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China stocks ‘flying death sentence’ hypersonic nuclear weapons capable of evading US shields in ‘large quantities’

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CHINA is stockpiling a hypersonic nuclear bomb dubbed “the flying death sentence” that is capable of evading all existing missile shields deployed by the United States and its allies.

The land-based hypersonic ballistic nuclear missile, known as the Dong Feng 17 or DF-17, can surge at speeds of up to 7,680 mph and experts say it is capable of “hitting every corner of the Earth.”

China is ordering DF-17 missiles in 'large quantities'


China is ordering DF-17 missiles in ‘large quantities’Credit: Getty


Wu Qian of the Chinese Defense Ministry confirmed that the country has ordered DF-17 and DF-26 missiles in “large quantities.”

Beijing unveiled the DF-17 hypersonic nuclear bomb in 2019, offering a glimpse of the “blindingly fast and unstoppable” missile in a four-minute clip in July.

The weapon contains a hypersonic glide vehicle and can be equipped with a nuclear warhead and is said to be capable of speeds of up to 7,680 mph, or ten times the speed of sound.

Foreign analysts say it is designed to move at high speed to evade missile defenses.

The DF-17 hypersonic missile can theoretically maneuver sharply at many times the speed of sound, making it extremely difficult to counter.

It comes as tensions rise between the United States and China over Beijing’s growing occupation of the disputed South China Sea.

An expert has warned China is building simulated US aircraft carrier targets “to provoke Americans” as troops train for real-life military operations.

The country has developed missile targets shaped like American warships in its latest warning to rivals.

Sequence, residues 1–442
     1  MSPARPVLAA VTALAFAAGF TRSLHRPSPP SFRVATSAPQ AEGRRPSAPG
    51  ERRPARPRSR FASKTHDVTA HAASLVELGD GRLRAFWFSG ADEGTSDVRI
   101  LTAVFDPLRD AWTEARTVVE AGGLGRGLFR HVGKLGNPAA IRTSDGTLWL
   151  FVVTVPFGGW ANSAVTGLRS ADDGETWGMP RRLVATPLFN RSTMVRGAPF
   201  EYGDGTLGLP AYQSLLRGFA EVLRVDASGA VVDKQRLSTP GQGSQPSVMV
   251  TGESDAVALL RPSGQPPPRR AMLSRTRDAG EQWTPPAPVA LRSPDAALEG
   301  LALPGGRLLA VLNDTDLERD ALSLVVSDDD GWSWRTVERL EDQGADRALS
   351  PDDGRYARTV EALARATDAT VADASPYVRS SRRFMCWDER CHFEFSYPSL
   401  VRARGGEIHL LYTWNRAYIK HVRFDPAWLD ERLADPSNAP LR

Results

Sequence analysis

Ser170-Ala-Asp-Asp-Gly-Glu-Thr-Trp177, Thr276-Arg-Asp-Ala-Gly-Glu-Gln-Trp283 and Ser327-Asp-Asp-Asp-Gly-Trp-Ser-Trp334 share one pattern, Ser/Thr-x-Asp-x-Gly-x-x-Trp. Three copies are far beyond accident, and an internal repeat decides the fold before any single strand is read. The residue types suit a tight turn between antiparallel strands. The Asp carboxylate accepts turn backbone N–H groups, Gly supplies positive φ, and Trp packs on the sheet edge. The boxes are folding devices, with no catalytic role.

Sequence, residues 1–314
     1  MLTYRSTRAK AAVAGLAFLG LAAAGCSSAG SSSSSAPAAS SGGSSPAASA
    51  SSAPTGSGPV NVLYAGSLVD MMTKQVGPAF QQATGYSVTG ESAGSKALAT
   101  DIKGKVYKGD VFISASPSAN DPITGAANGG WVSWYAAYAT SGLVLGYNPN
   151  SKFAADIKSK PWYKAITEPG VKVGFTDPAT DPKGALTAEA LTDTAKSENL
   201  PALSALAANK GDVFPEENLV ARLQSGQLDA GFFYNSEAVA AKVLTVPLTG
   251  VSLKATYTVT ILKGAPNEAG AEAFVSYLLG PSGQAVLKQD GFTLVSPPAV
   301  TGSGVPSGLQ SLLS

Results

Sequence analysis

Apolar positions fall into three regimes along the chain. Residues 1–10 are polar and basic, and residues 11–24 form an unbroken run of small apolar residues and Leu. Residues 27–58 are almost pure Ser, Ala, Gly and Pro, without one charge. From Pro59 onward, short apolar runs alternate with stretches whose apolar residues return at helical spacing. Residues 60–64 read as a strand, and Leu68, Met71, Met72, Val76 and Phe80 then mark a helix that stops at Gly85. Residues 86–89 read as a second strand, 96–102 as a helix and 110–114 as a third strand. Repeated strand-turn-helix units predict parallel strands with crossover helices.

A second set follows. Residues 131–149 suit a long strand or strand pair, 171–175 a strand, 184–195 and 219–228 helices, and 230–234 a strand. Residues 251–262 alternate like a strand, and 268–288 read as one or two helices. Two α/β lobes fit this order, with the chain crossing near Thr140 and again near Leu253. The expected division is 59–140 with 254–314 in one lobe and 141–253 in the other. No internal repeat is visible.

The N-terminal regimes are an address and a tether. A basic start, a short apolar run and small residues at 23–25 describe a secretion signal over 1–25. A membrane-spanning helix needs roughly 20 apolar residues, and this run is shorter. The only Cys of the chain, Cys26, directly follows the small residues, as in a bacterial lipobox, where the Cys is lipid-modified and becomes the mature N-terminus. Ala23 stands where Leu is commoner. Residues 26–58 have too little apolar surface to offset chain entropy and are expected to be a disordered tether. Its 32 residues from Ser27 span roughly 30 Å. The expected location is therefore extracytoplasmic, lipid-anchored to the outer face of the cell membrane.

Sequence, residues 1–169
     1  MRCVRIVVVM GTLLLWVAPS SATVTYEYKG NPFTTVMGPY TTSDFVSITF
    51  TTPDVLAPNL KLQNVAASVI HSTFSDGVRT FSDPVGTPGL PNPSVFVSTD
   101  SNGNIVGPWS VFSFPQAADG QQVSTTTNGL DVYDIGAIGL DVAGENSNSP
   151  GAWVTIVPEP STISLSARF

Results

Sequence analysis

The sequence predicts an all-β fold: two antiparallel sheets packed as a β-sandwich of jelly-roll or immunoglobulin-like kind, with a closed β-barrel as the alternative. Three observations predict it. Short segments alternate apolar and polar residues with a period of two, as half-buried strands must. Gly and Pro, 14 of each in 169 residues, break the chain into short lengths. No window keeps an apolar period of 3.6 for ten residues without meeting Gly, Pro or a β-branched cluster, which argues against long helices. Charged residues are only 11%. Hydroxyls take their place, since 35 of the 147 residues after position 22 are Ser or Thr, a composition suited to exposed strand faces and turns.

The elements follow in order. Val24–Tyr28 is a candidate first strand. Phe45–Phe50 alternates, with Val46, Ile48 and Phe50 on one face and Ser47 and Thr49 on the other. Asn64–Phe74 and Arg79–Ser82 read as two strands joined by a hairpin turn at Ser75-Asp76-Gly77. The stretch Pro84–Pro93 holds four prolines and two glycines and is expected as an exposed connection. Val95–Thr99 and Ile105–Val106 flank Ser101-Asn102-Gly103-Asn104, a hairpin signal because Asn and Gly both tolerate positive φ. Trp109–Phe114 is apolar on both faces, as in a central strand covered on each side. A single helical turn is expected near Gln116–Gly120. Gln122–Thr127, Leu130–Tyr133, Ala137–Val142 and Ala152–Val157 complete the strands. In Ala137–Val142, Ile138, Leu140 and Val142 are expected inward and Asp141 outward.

Sam Armstrong of the Henry Jackson Society told The Sun that the latest war games are aimed at provoking the West.

He said: “These are working models that are ready to be deployed as a training exercise for a real-life operation against Western forces.

“You don’t build a training model of an aircraft carrier unless you are planning to run a bombardment on an aircraft carrier.”

Beijing appears to have built missile targets that represent a large-scale scheme of at least two Arleigh Burke-class guided missile destroyers and a US aircraft carrier, images show.

Experts believe the targets could be mounted on rails to mimic a moving boat.

Collin Koh, a researcher at the S. Rajaratnam School of International Studies in Singapore, said: “I don’t think the desert goals are going to be the final stage. It is destined for further refinement.”

Wang Wenbin, a spokesman for the Chinese Foreign Ministry, appeared to deny any knowledge of the models when asked.

He said in a briefing earlier this month: “I am not aware of the situation you mentioned.”


The snapshots raised concerns that Beijing is mocking Washington as tensions over Taiwan “escalate.”

President Xi warned last week that the Asia-Pacific region should not return to the tensions observed during the Cold War.

He said: “The region cannot and must not fall back into the confrontation and division of the Cold War era.”

Meanwhile, it is reported China’s recent hypersonic nuclear weapon around the world fired a second missile while traveling five times faster than the speed of sound.

No country had previously been able to demonstrate this feat of advanced engineering, and the test is said to have caught Pentagon scientists by surprise.

Last month, China shocked the world when it learned that it launched a hypersonic missile around the world.

Now it has been revealed that the weapon is much more advanced than originally thought.

The hypersonic glide vehicle, a maneuverable spacecraft that can carry a nuclear warhead, fired a separate missile during its flight into the atmosphere over the South China Sea on July 27, according to a Financial times report.

Experts at the Pentagon’s advanced research agency, Darpa, are said to be unsure how porcelain He accomplished the feat, as scientists say it “tests the limitations of physics.”

China’s hypersonic nuke ‘fired SECOND missile mid-flight’ leaving Pentagon reeling as experts say ‘defies science’

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